In stress-management workshops, people regularly ask me where they should begin. I always remind them of the following words from the Bible: “As you sow, so you shall reap.” To have inward courage to live passionately means to become more attentive to the process of living. We do not need to start washing our clothes by hand, but we do need to become more awake to the process of what we are choosing to do and in what kind of spirit we are doing it.

On the same trip to Mexico, one day one of the light-hearted young men came up to me and asked if he and others could go down to the river to wash their hair and their clothes with bio-degradable soap. I conferred  with the other leaders since they had been in Mexico more times than I, and we said “yes” to the request. With bags of dirty clothes, we all hiked to a nearby waterfall in the river. While some washed their clothes along the bank, others washed their hair with buckets, the light-hearted one had a most unique solution. He put on his dirtiest clothes and walked into the river with soap. First he washed his clothes while wearing them, and then his hair. He ended this very funny “wash cycle” by singing at the top of his lungs while standing underneath the water fall. His clothes came out cleaner than those of the other students, and the afternoon ended with all of us standing around wearing and washing our dirty clothes and then singing under the water fall. It had to be one of my most memorable and enjoyable clothes-washing experiences.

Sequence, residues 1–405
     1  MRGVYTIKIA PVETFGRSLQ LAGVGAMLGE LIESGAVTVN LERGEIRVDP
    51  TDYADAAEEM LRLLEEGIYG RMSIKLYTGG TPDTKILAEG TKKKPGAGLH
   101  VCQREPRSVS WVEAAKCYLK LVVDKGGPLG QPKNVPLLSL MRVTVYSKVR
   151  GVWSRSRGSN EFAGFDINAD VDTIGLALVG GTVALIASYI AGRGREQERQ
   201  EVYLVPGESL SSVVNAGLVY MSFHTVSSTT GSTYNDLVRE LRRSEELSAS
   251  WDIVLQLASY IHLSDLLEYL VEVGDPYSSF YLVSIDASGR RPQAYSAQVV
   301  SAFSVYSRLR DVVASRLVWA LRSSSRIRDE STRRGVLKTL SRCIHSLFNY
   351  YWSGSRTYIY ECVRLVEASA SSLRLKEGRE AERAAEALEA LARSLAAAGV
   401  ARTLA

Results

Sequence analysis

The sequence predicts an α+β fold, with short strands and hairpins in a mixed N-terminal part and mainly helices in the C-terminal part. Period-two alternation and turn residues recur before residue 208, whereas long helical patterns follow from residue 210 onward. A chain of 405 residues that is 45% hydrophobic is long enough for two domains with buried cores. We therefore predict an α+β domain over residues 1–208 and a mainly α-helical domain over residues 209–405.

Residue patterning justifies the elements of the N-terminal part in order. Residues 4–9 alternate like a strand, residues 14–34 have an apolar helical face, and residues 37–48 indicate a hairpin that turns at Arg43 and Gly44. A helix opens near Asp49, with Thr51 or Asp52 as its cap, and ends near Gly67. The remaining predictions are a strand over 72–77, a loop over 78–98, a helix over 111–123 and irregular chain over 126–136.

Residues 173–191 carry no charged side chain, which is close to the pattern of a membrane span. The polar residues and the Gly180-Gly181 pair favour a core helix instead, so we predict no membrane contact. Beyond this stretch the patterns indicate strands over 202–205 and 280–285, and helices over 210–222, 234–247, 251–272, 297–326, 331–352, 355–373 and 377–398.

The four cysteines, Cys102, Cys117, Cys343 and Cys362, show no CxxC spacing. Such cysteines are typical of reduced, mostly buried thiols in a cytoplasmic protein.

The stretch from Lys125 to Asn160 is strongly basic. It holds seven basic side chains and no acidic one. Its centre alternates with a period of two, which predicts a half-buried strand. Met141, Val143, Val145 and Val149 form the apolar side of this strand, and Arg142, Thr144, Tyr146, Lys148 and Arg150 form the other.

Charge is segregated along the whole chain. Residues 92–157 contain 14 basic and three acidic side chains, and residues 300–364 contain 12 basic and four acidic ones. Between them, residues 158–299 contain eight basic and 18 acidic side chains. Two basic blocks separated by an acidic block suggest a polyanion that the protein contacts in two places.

Living passionately can be fun and rewarding. Dealing with your stress by being aware of how you choose to live is a continual process of mindfulness. Being light of heart and playful in spirit is a good place to start.

From Listen to the Heart The Transformational Pathway to Health and Wellness by Geery Howe published back in 1991. For more information about the book, please click on the following link:

Geery Howe, M.A. Consultant, Executive Coach, Trainer in Leadership, Strategic Planning and Organizational Change Morning Star Associates 319 - 643 - 2257